Texas and pride. Those two words go together like steak and chili. Or rice and refried beans. But what exactly gives Texas that sense of pride? And more importantly, how does that play into being an American?
That was one of the things we set out to discover in San Antonio-home of the Alamo. Surrounded on all four sides by hotels, souvenir shops, and a Ripley’s Believe It or Not, the Alamo is the symbol for Texas pride.
In 1836, 162 Texans stood tall against Santa Anna’s Mexican army. They held down the Alamo for 13 days, fighting only for pride. They could have fled. Instead, they chose to die for Texas.
“Remember the Alamo” became the battle cry as Texas defeated Mexico and claimed their independence.
Of course, it’s important to remember that’s the story the Alamo tells us. It doesn’t mention how several Texans were possibly killed on the grounds outside the Alamo-running for their lives. And they don’t say anything about how slavery was a central issue in the conflict between abolitionist Mexico and slave-heavy Texas.
(We’ve seen several other glaring omissions on this trip as well-the lack of any Lewinski reference at the Clinton Library, and no details on Elvis’ death at Graceland.)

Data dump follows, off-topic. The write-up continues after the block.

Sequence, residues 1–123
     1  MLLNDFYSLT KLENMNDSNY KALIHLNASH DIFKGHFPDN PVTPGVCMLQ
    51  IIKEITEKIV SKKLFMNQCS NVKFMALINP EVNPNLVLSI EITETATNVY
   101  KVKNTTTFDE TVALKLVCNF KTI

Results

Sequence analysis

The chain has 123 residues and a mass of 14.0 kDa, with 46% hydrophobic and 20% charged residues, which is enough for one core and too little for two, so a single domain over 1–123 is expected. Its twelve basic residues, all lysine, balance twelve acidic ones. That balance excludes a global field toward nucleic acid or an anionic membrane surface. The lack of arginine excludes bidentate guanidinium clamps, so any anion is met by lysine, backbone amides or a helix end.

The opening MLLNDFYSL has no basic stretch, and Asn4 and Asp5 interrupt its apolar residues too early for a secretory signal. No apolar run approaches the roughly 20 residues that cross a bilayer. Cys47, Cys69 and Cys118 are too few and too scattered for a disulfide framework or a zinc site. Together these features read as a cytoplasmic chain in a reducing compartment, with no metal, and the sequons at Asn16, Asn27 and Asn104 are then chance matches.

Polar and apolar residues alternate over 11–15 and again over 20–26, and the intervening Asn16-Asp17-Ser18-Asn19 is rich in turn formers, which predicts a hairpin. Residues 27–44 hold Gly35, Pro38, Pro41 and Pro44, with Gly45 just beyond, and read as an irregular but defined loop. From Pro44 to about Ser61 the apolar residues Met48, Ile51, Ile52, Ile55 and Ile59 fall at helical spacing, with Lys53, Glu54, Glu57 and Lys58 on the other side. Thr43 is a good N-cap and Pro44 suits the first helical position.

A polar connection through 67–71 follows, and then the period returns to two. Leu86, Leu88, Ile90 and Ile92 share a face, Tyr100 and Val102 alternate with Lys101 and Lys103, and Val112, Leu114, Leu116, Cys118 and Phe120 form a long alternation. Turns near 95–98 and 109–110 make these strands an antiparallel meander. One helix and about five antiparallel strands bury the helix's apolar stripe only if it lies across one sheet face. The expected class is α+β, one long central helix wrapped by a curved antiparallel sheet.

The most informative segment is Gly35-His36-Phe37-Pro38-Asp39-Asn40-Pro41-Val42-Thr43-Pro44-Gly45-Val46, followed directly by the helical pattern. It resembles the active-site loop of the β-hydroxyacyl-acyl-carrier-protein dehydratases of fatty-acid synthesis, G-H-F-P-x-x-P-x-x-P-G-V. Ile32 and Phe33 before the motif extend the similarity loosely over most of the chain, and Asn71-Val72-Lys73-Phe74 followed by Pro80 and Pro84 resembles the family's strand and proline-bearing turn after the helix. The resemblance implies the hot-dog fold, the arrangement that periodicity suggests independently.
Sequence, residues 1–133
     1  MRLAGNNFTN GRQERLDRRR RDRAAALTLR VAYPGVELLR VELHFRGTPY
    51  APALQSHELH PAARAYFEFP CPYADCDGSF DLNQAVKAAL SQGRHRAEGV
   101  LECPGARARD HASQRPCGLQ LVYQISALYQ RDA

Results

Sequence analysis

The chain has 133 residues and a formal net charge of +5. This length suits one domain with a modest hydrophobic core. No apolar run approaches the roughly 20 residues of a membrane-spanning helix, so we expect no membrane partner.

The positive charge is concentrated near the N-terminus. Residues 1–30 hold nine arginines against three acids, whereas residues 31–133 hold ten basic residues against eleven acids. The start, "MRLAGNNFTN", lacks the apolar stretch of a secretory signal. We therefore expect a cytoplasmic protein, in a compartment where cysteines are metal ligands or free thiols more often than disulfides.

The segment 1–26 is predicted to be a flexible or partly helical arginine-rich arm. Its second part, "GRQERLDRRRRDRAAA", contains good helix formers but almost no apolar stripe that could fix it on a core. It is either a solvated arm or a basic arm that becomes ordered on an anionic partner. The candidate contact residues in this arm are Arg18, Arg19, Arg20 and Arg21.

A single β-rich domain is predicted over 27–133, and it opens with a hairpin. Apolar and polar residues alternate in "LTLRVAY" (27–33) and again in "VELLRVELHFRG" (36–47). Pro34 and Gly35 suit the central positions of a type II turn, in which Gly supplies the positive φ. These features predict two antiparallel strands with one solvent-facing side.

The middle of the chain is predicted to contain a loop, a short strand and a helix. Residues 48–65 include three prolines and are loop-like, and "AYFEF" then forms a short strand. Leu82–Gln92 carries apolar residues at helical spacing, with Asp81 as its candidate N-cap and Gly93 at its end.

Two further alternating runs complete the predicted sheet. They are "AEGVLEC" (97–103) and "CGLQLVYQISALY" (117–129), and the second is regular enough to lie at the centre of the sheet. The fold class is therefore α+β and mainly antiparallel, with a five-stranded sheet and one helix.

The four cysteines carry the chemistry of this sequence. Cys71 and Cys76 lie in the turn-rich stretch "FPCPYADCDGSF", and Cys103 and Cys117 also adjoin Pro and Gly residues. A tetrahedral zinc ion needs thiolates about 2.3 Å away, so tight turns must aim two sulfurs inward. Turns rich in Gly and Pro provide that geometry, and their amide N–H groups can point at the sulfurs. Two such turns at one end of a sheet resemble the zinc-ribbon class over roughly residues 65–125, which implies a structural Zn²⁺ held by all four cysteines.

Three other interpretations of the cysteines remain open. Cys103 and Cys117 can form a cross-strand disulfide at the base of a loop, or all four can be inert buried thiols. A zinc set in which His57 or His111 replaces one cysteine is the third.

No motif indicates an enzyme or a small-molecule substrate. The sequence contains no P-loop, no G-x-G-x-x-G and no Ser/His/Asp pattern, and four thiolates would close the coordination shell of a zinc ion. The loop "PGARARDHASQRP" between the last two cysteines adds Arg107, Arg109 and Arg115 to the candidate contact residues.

Regardless, the idealistic Alamo is huge in shaping Texas culture and pride. After talking to locals, many people pointed to culture and history as the reasoning behind their Texas-sized mentality. But one young man gave a particularly interesting answer.
Rashina talked to a proud Texan who explained to her that being a Texan is no different than being an American. The mentality is not Texas vs. America, he said, but rather Texas working as an extension of America.
This mentality is displayed no clearer than in the Texas state flag. The red, white, and blue theme is evident and prominent, but is also accompanied by a star-a lone star.
So, perhaps the Texas flag is not a symbol of cockiness and self-centeredness but rather a descriptive picture of the relationship Texas has with being American.
In the afternoon, we met up with former Belmont employee and Texas resident Matt Burchett who used a great analogy to describe states and their “reputations.” He said that states are all like a group of high school students-they each have different false identities and fronts that they like to play up.
For Texas, that identity is a big confident tough guy. He probably walks around in big boots, with his chest puffed out. He loves the thought of being independent and pretends not to need his parents.
But at heart, he still loves and needs them.